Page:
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Qoo10 takes e-commerce fight to next level with bulked-up war chest
CAUGHT in a raging battle between Chinese tech behemoths Tencent and Alibaba, Singapore-based Giosis, which operates Qoo10, is not going down without a fight after acquiring a hefty war chest from the sale of its Japanese business to eBay.
"We are much more ready in terms of cash, and our focus will also be only one - Singapore," Qoo10 Singapore's country manager Cho Hyun Wook told The Business Timesin an exclusive interview.
eBay announced in February that it will be acquiring Giosis' Japanese assets, including the Qoo10.jp platform, for an undisclosed amount. As part of the deal, eBay said it would give up its stake in Giosis' non-Japanese businesses.
Industry figures put the value of the sale at about US$700 million, which is set to close this month.
Mr Cho said that after the sale, Qoo10 will spend 80 per cent of its total budget on the Singapore market. Other than Singapore, Qoo10 now runs marketplaces in Korea, Indonesia, Malaysia, Hong Kong and China.
The choice of Singapore may be surprising to some, given that Singapore has a relatively smaller market size, which Mr Cho acknowledged.
He revealed, however, that many global brands have told him Singapore is their fourth largest market in Asia, after China, Korea and Japan.
"Though the market might be the largest in Indonesia due to population size, it is actually not very meaningful to global brands, because it is fragmented into many areas," he said.
"But in Singapore, they see meaningful growth... It might be the only country they can see the ROIs (return on investments) in South-east Asia."
A closer look at Qoo10's gross merchandise value (GMV) - the total sales dollar value for merchandise sold on the platform - provides further insight.
BT reported earlier that Qoo10 targeted US$1.2 billion in GMV last year. Mr Cho said that before the sale, Japan was the largest contributor, providing 50 per cent of GMV, while Singapore was the next largest with 40 per cent.
Without Japan, Singapore now becomes the dominant contributor with 80 per cent of GMV.
Mr Cho admitted that the company wanted to hold on to Japan, but had to make a choice because of costly "money games" in the region.
He explained that if they could develop a sophisticated platform in Singapore, they could then replicate, recombine and export this platform to other South-east Asian countries.
Both Tencent and Alibaba have taken a keen interest in Qoo10's Singapore-based rivals, carving them into two separate factions, as they vie for dominance in South-east Asia.
Tencent began investing in Sea, which runs Shopee, since 2013. By the time Sea was publicly launched on the New York Stock Exchange last October, Tencent had a near 40 per cent stake.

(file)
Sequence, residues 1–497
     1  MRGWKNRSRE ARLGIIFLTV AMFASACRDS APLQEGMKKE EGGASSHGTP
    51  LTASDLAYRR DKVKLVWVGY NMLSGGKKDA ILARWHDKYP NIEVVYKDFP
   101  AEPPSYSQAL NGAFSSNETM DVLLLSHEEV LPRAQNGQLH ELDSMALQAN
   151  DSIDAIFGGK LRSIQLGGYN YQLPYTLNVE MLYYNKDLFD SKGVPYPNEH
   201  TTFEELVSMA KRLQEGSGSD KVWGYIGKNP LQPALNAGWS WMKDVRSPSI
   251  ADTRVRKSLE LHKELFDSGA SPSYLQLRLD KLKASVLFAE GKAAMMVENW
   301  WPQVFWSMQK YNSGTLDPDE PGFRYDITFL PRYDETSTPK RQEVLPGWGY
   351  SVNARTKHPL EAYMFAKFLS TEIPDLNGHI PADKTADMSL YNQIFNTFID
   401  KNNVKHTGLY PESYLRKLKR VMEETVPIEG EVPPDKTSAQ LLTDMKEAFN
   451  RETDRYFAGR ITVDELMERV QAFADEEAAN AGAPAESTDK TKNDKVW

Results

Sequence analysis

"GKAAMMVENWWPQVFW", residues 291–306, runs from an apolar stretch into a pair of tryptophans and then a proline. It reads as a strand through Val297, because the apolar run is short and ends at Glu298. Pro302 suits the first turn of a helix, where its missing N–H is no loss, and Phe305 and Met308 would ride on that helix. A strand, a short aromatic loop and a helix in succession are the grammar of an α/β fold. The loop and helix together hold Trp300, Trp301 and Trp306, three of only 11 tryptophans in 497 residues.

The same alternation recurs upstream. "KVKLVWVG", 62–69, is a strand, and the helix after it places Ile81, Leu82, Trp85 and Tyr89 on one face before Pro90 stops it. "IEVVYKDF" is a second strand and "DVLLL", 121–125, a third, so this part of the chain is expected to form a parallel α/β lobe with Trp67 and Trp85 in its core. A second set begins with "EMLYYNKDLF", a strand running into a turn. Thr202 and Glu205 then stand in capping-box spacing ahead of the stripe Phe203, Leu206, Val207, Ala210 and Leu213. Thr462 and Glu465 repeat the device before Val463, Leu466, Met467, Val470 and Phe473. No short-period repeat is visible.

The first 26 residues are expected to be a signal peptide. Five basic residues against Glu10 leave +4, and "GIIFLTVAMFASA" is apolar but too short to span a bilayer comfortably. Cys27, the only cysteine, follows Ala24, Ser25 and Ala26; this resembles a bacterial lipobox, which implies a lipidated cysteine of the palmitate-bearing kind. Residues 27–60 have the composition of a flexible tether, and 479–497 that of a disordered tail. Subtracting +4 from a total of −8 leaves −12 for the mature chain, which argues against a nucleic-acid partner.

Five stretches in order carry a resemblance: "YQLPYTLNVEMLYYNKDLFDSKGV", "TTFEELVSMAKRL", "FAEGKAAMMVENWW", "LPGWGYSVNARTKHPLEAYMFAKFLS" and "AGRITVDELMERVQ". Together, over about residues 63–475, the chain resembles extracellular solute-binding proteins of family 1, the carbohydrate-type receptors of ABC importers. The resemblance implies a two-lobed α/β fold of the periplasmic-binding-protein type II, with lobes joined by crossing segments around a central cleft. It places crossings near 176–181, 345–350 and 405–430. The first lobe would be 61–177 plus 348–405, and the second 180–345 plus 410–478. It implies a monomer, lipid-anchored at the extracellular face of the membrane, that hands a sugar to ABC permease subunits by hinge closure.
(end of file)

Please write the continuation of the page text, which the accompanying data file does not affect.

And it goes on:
Alibaba acquired control of Lazada in 2016 with an investment of US$1 billion. With that injection of funds, Lazada acquired RedMart, a grocery-focused e-marketplace.
Last year, Alibaba pumped a further US$1 billion into Lazada to up its stake to 83 per cent, and another US$2 billion last month, bringing its total investment in Lazada to US$4 billion.
BT understands that Qoo10 is unlikely to seek any investments from either of the Chinese tech giants for now.
Nevertheless, it is still the most-visited e-marketplace site in Singapore, with more than 13.4 million monthly visits in Q1 2018, according to meta-search website iPrice. This was over 3 million visits more than nearest rival, Lazada.
Qoo10 saw a 15 per cent year-on-year growth in GMV last year, but only a 10 per cent increase in the number of transactions, which Mr Cho attributed to the growth of the digital category.
The digital category, where products could cost thousands of dollars, has been the top category contributor in terms of GMV. But he said this category was price-driven, meaning it led to loss-leading products and unsustainable price wars.
"All the competitors I see want to make their GMVs look nice, by focusing on digital products, but that is the easiest way to kill themselves.
"We will focus more on the beauty and fashion categories where the customers do not just look for price only... they look for style, stories and content."
Qoo10 will also be adopting different strategies to compete more on a non-price basis.
Mr Cho said the company is actively engaging local brick-and-mortar merchants to further expand its product offerings, which currently stand at over 10 million. If there are not enough local merchants, Qoo10 will bring in merchants from other countries.
Qoo10 is also looking to shorten delivery time. Last year, it introduced a quick delivery option, promising a three-hour timeframe. Now, it is in talks with 7-Eleven to allow customers to pick up items at the chain's stores.
The company is moving into a 21,810 sq ft office at Gateway West next month, more than double the area it now occupies at Tampines Plaza. Qoo10 said it expects to increase its staff size by 30 per cent this year.
Adrian Lee, research director at Gartner, said: "They have the merchant base, the inventory and fulfullment networks. Now, it is about how they improve and overhaul the user experience - they could be one of the biggest success stories if they get it right."